The Axis and the Perimeter of the Temple – Part 1

Canonical texts describing the plan of the Hindu temple allude to its astronomical basis, and in this Bharatiya sacred geometry is not different in conception from the sacred geometry of other ancient cultures, [1] although it has its own unique features. If astronomical alignments characterize ancient temples of megalithic Europe, Egyptians, Maya, Aztecs, and Javanese, they also characterize Bharatiya temples.

In some temples, the garbhagÅha (innermost chamber) is illuminated by the setting sun only on a specific day of the year, or the temple may deviate from the canonical east-west axis and be aligned with a nakshatra (constellation) that has astrological significance for the patron or for the chosen deity of the temple.

A part of the astronomical knowledge coded in the temple lay-out and form is canonical or traditional, while the rest may relate to the times when the temple was erected. The astronomy of the temple provides clues relevant not only to the architecture but also the time when it was built.

In this article, we consider the broadest design related to the sacred space associated with the Hindu temple. There is continuity in Bharatiya architecture that goes back to the Harappan period of the 3rd millennium B.C.E., as described in Michel Danino’s important work on the plan for the Harappan city of Dholavira. [2]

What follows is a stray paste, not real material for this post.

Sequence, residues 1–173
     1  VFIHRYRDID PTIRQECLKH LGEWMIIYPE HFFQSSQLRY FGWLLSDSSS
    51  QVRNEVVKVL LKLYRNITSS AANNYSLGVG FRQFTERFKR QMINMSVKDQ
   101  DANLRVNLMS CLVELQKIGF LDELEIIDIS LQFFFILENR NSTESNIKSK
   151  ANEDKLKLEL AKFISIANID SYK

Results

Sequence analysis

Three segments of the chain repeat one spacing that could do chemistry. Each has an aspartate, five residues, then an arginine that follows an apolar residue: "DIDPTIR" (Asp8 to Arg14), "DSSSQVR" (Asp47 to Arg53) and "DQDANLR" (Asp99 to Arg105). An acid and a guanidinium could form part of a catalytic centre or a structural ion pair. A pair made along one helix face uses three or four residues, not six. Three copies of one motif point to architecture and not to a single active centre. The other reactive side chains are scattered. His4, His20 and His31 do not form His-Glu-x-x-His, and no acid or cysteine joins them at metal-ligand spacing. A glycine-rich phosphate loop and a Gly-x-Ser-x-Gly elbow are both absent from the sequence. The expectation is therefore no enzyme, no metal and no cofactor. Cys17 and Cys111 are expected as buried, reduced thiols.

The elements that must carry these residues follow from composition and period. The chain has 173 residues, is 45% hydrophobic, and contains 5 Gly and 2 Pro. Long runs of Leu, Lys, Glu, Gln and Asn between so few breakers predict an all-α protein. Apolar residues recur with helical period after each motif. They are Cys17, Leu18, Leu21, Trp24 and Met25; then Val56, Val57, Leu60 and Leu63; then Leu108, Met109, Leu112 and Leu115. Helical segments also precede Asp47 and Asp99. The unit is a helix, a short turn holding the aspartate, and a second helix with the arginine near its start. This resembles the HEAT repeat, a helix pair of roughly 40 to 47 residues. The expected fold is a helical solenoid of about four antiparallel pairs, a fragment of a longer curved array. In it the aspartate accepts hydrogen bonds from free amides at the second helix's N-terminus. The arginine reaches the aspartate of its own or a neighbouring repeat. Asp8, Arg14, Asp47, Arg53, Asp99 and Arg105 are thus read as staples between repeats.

For this reason, we devote our attention to the earliest description of the temple in Bharatiya literature, which goes back to the Vedic period. For a background to the earliest Bharatiya art and architecture the reader might refer to an earlier paper by the author. [3]

Specifically, we look at the astronomical significance of the lengths of the axis and the perimeter. Since sacred architecture often served as model followed in the design of cities (this is described, for example, by Volwahsen in his book Cosmic Architecture in Bharat [4]), this question is of much relevance. The astronomical basis shown in this paper appears not to have been made note of in relatively recent temple architecture texts from Bharat.

Ritual and Plan of the Temple

The Agnicayana altar, the centre of the great ritual of the Vedic times that forms a major portion of the narrative of the Yajurveda, is generally seen as the prototype of the Hindu temple and of the Bharatiya tradition of architecture (Vāstu).